“There’s no guidebook for this” : black freelancers and digital technologies




Eubanks, Patrick Warren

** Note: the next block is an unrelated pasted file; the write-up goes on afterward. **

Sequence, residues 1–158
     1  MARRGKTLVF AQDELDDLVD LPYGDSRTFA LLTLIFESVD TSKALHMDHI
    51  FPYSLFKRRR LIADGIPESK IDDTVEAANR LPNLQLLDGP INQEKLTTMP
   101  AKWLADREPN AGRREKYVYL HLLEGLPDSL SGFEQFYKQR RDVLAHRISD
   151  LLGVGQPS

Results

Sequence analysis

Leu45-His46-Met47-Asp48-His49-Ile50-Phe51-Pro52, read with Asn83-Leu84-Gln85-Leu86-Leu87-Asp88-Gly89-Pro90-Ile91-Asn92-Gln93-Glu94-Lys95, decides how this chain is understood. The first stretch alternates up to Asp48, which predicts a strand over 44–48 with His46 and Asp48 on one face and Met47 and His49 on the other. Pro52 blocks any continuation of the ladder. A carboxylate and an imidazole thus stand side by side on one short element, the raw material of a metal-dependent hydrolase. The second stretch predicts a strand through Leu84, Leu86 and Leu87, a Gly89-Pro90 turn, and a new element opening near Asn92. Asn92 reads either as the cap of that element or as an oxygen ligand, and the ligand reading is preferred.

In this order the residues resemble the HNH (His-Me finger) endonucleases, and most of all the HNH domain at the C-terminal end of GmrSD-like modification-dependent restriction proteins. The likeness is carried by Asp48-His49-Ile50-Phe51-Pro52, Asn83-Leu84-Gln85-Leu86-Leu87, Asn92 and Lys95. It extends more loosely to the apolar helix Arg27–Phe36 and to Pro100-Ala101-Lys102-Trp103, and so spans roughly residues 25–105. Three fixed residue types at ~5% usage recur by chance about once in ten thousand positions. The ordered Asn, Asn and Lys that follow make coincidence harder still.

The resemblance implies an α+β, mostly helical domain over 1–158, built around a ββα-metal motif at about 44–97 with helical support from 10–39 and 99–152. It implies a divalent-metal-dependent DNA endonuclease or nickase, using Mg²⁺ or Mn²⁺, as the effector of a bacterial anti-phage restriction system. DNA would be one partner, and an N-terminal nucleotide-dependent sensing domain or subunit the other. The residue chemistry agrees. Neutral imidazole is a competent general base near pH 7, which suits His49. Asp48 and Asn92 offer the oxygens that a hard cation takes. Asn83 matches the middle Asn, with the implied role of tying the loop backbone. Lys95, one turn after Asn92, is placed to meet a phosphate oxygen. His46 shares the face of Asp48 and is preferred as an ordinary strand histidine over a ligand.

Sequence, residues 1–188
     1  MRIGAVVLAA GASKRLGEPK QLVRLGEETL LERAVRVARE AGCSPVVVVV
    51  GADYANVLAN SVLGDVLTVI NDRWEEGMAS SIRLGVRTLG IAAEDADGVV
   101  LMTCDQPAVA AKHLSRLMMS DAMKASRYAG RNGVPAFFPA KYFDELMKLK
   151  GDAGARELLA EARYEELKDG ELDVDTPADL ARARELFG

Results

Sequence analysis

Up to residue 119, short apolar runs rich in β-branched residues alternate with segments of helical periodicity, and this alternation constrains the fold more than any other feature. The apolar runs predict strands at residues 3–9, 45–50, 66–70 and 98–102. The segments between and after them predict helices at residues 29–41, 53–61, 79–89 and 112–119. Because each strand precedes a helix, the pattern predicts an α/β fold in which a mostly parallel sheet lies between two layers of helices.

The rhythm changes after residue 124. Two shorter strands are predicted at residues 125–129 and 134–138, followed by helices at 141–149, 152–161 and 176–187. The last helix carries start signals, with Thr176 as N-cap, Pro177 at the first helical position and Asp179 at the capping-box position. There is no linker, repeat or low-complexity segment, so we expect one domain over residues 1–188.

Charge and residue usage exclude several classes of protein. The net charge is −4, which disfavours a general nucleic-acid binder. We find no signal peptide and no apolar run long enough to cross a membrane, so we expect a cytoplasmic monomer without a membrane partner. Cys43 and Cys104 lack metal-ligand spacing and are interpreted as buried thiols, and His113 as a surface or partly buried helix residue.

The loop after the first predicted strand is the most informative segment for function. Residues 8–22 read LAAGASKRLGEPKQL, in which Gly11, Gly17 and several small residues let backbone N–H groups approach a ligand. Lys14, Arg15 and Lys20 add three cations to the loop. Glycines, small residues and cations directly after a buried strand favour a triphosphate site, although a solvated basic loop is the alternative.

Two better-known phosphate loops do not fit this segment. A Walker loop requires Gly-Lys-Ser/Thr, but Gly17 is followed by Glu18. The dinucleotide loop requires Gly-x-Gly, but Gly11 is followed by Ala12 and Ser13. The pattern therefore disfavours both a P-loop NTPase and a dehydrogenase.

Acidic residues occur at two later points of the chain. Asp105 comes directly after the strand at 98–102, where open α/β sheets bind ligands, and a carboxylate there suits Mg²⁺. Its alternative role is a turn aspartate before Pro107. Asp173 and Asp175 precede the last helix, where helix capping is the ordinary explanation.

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Freelancing has become increasingly common in a variety of industries due to the continued economic restructuring of post-industrial capitalism. While writing has traditionally been a precarious profession characterized by low pay and intermittent work, once secure forms of employment, such as newspaper work, have experienced a precipitous decline within the past few decades. As the number of writers engaged in standard employment contracts has sharply decreased, an increasing number of individuals must engage in freelance work to earn a living as writers. While all freelance writers face precarity at the hands of digital media outlets due to exploitative and unstable labor and business practices, black freelancers experience distinct forms of precarity, such as a lack of access to professional networks and mentors. This report aims to identify the ways in which digital technologies allow black freelancers to insulate themselves from the risks inherent to the digital media ecosystem, ending with recommendations for education systems, digital media organizations and freelancers seeking to promote equity in digital publishing


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